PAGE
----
The Problem: An Aversion or Dissuasion From Life-Long Learning

If you’re an administrator or teacher in a school today, one of the phrases you have heard, spoken, believe and may even be passionate about is that one of the goals of education today is to create life-long learners.

That is indeed a worthy goal!  While it’s a message that can be conveyed to and embraced by students, it’s not necessarily one that was communicated to today’s students’ parents, or those that may have significant experience in the workplace.

While individuals in professional positions, like doctors, lawyers, teachers need to maintain their certifications and therefore need to continue their professional development, the usual practice of the workplace doesn’t necessarily value additional education, as supervisory personnel may think that such ambition means employees may not be as engaged with their job as they should be, could be vying for an advanced position, or could be seeking a change in career or workplace.  Promotion is awarded based on longevity, successes, or affability, and not necessarily on additional training, even if the employee shows initiative to embark on a course of study or a certification course on their own.

Further, while it’s honorable when one decides they’re going back to school, consider the teacher with a student loan balance and a Master’s degree.  The next logical step for them would be a Doctorate – but while a Master’s degree is anywhere from 30 to 40 credits, a Doctoral program usually consists of at least 60 credits, and with a price tag of around $1,000 a credit, many talented individuals may not want to pursue this path while they’re facing their current student loan debt situation, and those that have significant expertise may question whether or not such a program would have significant value in the marketplace, attaining the achievement just in time for retirement.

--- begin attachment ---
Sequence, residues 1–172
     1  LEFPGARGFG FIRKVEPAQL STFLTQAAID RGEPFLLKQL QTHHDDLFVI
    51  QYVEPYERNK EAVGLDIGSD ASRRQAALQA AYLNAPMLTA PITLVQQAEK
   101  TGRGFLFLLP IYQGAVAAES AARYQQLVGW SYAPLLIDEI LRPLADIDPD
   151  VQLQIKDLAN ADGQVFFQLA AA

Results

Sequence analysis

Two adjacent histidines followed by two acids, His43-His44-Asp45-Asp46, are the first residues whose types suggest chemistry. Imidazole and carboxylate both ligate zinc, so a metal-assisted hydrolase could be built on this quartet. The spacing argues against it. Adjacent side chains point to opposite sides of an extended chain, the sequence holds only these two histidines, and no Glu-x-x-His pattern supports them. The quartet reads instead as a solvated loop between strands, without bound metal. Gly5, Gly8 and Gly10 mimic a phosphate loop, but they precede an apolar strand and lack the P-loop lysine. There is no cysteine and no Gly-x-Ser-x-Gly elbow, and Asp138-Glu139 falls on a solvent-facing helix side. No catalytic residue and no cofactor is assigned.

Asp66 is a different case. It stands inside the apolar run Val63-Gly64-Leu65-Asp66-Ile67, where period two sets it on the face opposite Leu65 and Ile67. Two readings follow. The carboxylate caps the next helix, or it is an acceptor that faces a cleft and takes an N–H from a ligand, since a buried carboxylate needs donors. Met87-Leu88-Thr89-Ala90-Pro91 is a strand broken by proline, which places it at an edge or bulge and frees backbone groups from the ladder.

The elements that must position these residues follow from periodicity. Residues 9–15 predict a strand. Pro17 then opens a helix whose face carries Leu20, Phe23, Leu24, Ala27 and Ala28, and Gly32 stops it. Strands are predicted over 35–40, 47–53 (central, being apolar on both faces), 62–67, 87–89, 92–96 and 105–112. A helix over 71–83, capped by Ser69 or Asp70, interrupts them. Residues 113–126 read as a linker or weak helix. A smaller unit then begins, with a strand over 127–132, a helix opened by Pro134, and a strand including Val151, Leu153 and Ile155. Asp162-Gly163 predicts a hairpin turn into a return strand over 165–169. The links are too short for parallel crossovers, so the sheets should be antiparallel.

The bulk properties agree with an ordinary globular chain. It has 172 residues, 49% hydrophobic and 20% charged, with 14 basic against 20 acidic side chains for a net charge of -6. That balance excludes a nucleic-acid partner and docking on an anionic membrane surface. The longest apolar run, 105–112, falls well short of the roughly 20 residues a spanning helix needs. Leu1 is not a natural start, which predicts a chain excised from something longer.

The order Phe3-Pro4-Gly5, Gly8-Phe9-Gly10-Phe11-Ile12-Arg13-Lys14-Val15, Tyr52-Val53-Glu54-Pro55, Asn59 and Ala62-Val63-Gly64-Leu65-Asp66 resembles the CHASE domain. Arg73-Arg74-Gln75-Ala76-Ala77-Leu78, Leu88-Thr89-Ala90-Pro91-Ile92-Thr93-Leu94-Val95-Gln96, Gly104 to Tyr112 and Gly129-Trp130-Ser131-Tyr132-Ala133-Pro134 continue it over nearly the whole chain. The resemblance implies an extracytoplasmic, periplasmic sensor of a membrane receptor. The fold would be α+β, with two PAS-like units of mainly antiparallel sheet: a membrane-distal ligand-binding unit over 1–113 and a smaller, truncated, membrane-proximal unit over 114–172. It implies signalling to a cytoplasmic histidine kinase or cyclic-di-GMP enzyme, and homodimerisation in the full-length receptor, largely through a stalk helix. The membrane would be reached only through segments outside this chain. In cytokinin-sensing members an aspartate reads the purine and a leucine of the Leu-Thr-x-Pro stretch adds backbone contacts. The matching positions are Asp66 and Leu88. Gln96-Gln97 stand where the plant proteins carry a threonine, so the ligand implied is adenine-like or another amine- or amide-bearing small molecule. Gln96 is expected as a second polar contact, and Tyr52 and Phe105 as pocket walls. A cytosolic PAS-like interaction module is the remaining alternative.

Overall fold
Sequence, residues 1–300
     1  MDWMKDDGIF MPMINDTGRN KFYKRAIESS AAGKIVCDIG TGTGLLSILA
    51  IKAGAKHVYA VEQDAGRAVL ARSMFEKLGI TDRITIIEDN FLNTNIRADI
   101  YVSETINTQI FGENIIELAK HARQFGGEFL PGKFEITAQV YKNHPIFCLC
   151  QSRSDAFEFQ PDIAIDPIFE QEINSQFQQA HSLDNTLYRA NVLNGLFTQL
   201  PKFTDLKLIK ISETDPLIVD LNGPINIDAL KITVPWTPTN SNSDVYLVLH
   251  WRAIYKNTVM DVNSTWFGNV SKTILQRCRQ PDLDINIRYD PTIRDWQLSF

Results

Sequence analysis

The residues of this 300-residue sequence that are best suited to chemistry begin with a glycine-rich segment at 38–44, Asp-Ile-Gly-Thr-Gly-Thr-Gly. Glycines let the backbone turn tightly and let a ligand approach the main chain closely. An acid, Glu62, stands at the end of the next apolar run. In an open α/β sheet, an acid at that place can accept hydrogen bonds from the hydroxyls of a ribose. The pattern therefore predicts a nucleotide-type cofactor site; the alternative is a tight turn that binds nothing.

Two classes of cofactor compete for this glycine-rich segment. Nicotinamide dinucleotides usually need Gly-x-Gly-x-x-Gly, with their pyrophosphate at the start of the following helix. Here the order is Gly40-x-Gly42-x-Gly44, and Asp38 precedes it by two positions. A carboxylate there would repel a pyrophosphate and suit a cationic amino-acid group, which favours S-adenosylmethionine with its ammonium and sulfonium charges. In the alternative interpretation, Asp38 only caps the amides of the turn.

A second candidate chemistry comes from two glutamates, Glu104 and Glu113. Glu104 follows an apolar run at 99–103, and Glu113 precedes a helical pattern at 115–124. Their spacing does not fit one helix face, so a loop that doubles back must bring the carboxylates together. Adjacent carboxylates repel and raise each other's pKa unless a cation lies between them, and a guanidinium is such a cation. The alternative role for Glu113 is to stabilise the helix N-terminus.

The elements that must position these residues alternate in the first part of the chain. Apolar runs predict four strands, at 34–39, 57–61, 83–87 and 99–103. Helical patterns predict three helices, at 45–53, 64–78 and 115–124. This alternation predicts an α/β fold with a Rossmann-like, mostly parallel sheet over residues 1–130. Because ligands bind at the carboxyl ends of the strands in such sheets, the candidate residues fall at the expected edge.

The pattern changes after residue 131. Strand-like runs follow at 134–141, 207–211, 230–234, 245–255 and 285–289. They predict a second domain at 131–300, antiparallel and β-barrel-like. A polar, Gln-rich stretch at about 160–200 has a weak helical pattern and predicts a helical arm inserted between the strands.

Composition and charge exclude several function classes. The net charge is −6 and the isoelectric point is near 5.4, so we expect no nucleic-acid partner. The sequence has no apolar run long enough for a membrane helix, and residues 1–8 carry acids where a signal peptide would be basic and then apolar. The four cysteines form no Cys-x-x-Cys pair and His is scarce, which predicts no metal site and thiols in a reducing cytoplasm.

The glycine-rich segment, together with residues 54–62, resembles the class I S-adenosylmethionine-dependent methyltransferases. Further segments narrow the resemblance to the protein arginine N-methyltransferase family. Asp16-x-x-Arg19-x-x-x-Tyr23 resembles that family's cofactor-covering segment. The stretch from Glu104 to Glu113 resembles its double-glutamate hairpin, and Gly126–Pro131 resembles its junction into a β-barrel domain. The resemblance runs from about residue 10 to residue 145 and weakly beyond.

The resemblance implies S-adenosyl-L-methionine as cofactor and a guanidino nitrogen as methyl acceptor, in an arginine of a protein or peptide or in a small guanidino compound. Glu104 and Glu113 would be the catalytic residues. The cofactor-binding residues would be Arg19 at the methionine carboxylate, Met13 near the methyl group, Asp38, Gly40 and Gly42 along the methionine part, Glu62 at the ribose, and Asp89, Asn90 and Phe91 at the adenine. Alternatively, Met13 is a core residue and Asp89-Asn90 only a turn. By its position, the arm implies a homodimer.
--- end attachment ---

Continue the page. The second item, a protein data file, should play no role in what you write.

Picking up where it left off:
As for those individuals who would benefit from retraining for a new position in the workplace if they’ve been displaced due to downsizing, directional corporate shifts, or factory closures, many cling to the “You can’t teach an old dog new tricks” mindset, rather than looking forward to the challenges presented by the need to know and be comfortable with the rapid changes in technology, social media and diverse team structures with individuals in various locations around the nation or in different parts of the world.  For those open to such adventures and commensurate compensation, the future is bright and exciting; however, for those whose goal it is to have the he traditional 9 to 5 job so that they can put down roots, buy a house, provide for their family and retire after a lifetime of valiant service to an employer and doesn’t want to be bothered with new technologies, the future may be a bleak one.

Then there are those who know they need to be life-long learners, but because of pressing priorities and responsibilities, are unable to do so.  They are unable to take advantage of opportunities because they’ve been raised to be responsible individuals in both matters pertaining to their families and their finances.  There are also those who want nothing to do with any type of educational opportunities, believing they’ve had sufficient learning from their experiences.  They aren’t open to educational opportunities facilitated by those who have not had the same type of real-world experiences they’ve had, or by those who are significantly younger than they are, especially since they’ll be evaluating their work.  For them, it could be similar to reporting to someone much younger than they are in the workplace, which creating the possibility of being downsized by someone with significantly fewer years of workplace experience.

 

Posted in edu-cat-ion.